DNA Mugshots Possible

A study published on March 20, 2014 reports on the possibility of computers to accurately create virtual mugshots of an individual based solely on that person’s DNA. Several scientists from around the world, the majority of them from Belgium and the U.S.A., have studied facial features based on the aspects of ancestry, gender and individual genetic traits to come up with a formula for accurately predicting facial reconstruction from saliva, skin or a strand of hair. This means that if this initial study is improved upon and the process refined, in the future (one author of the study claims this may happen within the next 5 to 10 years), accurate criminal mugshots may be created for police and other investigators from genetic material found at the scene of the crime.

A virtual mesh was created of a generic human face; this mesh contained equally-sized, fine points of space that scientists refer to as “quasi-landmarks.” Essentially, each quasi-landmark is a single point of space within the mesh, which is made up of 7,150 of these points of space. The result looks much like a delicate webbing of chain mail.

Researchers took 600 volunteers from the United States, Cape Verde and Brazil. They more specifically chose people from these geographic regions who were of mixed European and West African ancestry. A stereoscopic camera took 3D images of each volunteer. Colour and fine details such as eyebrows and other facial hair were not included in the end result, creating a sort of virtual plaster-of-Paris bust of real, individual faces.

To ensure that the end result is symmetrical and not off balance, scientists created a mirror-image of the initial 7,150-point mesh. The original and mirror-image are both used when a 3-D version of the mesh is created. The 3D version ends up therefore containing three times the number of points, equaling 21,450 separate points of space. This was placed virtually over each of the plaster-of-Paris looking busts. The 21,450 points on each face acts as a coordinate system, in the way that intersecting points of latitude and longitude are used to create GPS coordinates.

The fairly blank images of each of the 600 volunteers was presented, one by one, to another set of volunteers who rated facial structure (including specific facial regions) according to measures of perceived ethnicity and gender. This is because scientists already know many of the genetic markers linked to ancestry and gender, and so could then isolate results not caused by either of these. This enabled them to come up with a way to extract the effects of individual genes known to be related to facial structure that are also known not to be related to either gender or race.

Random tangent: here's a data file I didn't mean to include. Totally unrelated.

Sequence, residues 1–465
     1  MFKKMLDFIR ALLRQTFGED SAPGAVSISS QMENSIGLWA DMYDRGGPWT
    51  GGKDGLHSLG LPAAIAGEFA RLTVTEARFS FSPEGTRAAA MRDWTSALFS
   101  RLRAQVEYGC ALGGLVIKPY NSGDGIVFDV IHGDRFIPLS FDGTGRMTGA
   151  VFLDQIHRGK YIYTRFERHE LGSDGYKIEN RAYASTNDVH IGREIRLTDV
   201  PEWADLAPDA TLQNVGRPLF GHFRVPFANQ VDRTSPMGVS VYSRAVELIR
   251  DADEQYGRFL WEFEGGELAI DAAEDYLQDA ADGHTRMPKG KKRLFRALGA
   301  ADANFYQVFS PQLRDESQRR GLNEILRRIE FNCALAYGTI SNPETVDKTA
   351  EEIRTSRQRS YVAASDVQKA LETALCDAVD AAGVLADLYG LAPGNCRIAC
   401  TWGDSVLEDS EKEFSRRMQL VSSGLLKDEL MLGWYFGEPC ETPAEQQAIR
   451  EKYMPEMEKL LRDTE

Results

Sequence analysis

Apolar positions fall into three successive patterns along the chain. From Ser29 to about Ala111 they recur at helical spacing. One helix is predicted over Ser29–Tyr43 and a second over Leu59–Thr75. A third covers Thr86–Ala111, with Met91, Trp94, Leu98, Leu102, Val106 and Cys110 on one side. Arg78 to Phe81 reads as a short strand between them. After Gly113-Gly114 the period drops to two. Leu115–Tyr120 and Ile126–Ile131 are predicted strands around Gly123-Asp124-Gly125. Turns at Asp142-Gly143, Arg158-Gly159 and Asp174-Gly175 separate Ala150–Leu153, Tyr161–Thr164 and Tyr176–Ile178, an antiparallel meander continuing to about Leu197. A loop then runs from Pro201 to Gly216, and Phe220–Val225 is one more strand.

Scientists found that up to one third of the variance in facial aesthetic can be explained by issues of ancestry and gender. This leaves a large amount of variance to be ascribed. Unfortunately, one has to also consider factors of age, environment and weight when considering the end result of any individual face. The test cannot, of course, do this, which necessarily limits the creation of the perfect algorithm to predict accuracy close to 100%. Nonetheless researchers were able, based on: (i) their model for the measurement of facial coordinates, (ii) volunteer reporting and (iii) pre-existing knowledge of genes related to facial structure, to create an algorithm for the approximation of facial structure. As race and sex are known from DNA (as are hair and eye color), these are entered into the algorithm from the genetic material. The formula then fills in the blanks, so to speak. The end result is thus far still crude, but is a fair representation of what a person with specific DNA might look like.

On September 4, 2013, CNN reported on a New York artist named Heather Dewey-Hagborg who was already doing exactly what this report describes. Likely simultaneously to the development of the technology being studied in the report, Dewey-Hagborg took her own DNA, and subsequently that of other people found in public places, to a biotechnology lab where 3D faces were created from the genetic material. Once sequencing is done, the printing process within the lab takes eight hours. The study published on March 20 was submitted (to the medical journal it ended up being published in) eight days after the CNN article on Dewey-Hagborg’s project.

More research is necessary to finesse things. Specifically, a greater number of individuals across as many races as possible need to be studied in a similar way. In time and with further studying, scientists may be able to more specifically identify which particular genes in each individual are responsible for curvature of the nose (many genes may be involved in one aspect of a feature), jaw shape, and so on. Scientists are hopeful that fairly accurate virtual mugshots will be created from DNA in the not-too-far-off future.

By Julie Mahfood

Follow Julie Mahfood on Twitter @JulieWrites2


PLOS Genetics
International Business Times